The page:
A decision from the NCAA on what if any punitive measures the football program will face is expected to come two months or so after the conclusion of the hearing. Such a timeline would, of course, put the resolution right in the middle of the football season.
It should be noted that Fedora is not facing any type of misconduct connected to the academic scandal.
At least partially, Michigan players will see their offseason travel wishes for next year granted.
Fresh off their spring break trip to Rome this year, Jim Harbaugh revealed last month that his Wolverines football players, following a team vote, were eyeing a trip next year that would include stops in Paris and London. At the Big Ten Media Days Tuesday, Harbaugh confirmed that they would indeed be taking the team to Paris around the same time next year.
Instead of London, however, U-M will take in the sights at historically-steeped Normandy.
The trip to Rome this year cost in the neighborhood of $800,000, although that particular tab was picked up by a well-heeled booster of the program. It’s expected that the same scenario financially will play out for this trip as well, regardless of the cost.
The rocky tenure of N.J. Falo at Colorado has come to an abrupt end.
According to the university, the linebacker has been dismissed from head coach Mike MacIntyre‘s football program. Other than the standard violation of unspecified team rules, no reason for the dismissal was given.
In late April of last year, Falo (pictured, No. 42) and then-Buffs running back Dino Gordon were arrested in connection to an alleged dorm-room theft. The duo had been accused of stealing prescription drugs, laptops, video games and other electronics from a dorm room earlier that month.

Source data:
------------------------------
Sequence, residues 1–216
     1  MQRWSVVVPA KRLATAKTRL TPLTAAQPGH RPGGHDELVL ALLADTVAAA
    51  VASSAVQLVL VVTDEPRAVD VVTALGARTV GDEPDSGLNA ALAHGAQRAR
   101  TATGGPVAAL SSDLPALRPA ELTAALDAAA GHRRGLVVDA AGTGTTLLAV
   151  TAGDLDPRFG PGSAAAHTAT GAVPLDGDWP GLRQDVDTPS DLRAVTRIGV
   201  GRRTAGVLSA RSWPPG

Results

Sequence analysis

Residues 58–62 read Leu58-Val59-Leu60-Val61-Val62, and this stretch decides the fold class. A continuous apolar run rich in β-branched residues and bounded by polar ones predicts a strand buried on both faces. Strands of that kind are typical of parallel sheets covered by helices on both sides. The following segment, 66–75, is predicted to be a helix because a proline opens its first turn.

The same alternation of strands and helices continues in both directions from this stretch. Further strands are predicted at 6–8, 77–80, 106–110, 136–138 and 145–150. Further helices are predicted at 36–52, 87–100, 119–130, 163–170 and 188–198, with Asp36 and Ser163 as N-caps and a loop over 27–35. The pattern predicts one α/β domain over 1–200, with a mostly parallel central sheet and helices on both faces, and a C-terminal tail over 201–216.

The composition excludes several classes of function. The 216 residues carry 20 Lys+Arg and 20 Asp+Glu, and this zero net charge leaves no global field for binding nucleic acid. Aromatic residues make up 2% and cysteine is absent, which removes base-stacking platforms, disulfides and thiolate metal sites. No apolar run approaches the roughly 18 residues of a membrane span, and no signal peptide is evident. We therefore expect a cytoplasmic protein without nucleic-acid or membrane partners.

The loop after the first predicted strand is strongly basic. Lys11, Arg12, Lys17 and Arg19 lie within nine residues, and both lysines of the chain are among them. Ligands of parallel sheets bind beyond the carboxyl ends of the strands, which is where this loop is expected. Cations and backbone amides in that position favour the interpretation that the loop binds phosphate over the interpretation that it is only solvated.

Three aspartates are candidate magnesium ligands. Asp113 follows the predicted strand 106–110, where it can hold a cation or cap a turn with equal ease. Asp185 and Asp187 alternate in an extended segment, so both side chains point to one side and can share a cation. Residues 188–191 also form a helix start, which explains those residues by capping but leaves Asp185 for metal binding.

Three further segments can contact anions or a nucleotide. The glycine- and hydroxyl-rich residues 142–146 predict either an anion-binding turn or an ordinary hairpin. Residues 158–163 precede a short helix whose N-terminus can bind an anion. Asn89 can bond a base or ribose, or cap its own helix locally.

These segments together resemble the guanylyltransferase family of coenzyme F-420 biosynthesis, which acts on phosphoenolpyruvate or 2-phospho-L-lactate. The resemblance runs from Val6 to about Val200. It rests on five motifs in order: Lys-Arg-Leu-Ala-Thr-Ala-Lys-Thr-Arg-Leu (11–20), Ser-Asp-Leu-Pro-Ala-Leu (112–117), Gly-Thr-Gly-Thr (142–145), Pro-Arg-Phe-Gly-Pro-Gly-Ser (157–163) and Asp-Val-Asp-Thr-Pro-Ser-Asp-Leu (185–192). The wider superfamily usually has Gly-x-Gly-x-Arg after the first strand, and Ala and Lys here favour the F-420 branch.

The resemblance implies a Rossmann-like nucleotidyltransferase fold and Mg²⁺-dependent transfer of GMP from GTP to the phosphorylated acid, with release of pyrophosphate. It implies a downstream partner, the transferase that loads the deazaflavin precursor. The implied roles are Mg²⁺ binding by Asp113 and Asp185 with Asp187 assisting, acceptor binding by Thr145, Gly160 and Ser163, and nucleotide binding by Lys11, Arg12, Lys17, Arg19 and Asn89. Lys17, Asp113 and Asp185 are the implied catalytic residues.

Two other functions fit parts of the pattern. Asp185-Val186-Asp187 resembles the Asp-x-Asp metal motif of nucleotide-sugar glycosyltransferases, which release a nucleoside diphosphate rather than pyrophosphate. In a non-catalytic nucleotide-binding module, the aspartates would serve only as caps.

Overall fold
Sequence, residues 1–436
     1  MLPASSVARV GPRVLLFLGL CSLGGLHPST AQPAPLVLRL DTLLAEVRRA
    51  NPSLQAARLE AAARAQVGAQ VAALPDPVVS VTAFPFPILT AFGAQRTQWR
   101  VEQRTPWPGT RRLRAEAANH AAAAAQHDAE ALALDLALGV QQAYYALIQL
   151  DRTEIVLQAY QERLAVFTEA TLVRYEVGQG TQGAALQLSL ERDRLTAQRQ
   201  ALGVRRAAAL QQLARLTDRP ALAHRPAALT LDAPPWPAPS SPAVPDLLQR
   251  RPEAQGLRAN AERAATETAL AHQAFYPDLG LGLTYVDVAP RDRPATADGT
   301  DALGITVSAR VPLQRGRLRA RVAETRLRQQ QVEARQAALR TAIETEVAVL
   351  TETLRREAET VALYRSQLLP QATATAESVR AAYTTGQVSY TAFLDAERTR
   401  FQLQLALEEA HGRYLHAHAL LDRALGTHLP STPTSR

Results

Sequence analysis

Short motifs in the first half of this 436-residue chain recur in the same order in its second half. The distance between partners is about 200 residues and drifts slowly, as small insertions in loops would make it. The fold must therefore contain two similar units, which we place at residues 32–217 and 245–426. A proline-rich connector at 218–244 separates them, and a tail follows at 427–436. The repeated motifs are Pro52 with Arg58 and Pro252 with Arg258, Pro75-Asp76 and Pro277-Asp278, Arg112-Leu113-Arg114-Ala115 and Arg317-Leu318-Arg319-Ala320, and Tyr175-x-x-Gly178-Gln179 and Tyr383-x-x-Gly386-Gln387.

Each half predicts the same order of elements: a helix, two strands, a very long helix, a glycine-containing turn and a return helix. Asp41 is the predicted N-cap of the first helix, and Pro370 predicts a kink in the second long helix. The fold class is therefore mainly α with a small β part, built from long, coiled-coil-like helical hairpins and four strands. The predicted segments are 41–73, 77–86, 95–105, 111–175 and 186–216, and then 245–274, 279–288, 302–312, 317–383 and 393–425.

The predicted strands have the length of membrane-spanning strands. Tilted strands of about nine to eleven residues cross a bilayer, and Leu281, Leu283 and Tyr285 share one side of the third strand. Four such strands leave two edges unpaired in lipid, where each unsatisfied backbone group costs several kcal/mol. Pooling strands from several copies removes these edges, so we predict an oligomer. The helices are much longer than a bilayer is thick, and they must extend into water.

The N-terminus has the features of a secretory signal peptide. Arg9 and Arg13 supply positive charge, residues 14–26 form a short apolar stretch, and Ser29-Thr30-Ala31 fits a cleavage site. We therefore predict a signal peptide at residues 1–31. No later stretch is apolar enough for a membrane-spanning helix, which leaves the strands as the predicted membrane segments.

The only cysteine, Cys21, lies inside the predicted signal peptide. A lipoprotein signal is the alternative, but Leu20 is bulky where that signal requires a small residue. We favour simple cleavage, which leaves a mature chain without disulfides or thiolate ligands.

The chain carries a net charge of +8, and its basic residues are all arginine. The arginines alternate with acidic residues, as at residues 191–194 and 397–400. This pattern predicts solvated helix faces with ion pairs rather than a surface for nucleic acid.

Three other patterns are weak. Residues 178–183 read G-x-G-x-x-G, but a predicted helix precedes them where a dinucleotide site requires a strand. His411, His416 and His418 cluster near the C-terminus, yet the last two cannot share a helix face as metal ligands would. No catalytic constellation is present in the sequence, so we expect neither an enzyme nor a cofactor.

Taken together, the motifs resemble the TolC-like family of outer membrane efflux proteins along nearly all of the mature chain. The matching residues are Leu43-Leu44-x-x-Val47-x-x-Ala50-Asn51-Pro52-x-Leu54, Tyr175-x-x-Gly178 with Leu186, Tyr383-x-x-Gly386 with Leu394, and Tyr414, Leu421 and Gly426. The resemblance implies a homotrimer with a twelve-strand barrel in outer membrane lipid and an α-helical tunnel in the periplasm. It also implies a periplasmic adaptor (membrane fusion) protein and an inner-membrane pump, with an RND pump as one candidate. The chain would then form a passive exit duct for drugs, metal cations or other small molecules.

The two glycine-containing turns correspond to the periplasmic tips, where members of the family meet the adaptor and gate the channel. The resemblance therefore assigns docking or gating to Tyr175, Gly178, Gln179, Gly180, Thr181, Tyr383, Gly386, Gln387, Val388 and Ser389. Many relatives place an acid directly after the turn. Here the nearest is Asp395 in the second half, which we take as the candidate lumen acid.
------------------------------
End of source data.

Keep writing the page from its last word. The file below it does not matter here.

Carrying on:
Falo, who played in seven games as a true freshman in 2015, was suspended for the first three games of the 2016 season because of the incident. After returning, the then-true sophomore played in the final 11 games of the year. As a backup, he was credited with 12 tackles and 1.5 tackles for loss.
Because of injury, he sat atop CU’s post-spring depth chart just months ago.
A month after leaving Texas, Brandon Hodges has decided on a new college football home.
On his personal Twitter account Tuesday afternoon, Hodges announced that he has decided to enroll at Pittsburgh and continue his playing career with the Panthers. As the offensive lineman is coming to the Panthers as a graduate transfer, he’ll be eligible to play immediately in 2017.
The upcoming season will be his final year of eligibility.
Hodges spent the first two seasons of his collegiate career at East Mississippi Community College before transferring to UT in 2015. He took a redshirt his first season in Austin.
Last season, Hodges started nine games at right tackle for the Longhorns. Academics forced Hodges to miss some of spring practice this year as well as the spring game, although he was able to graduate from the university not long after.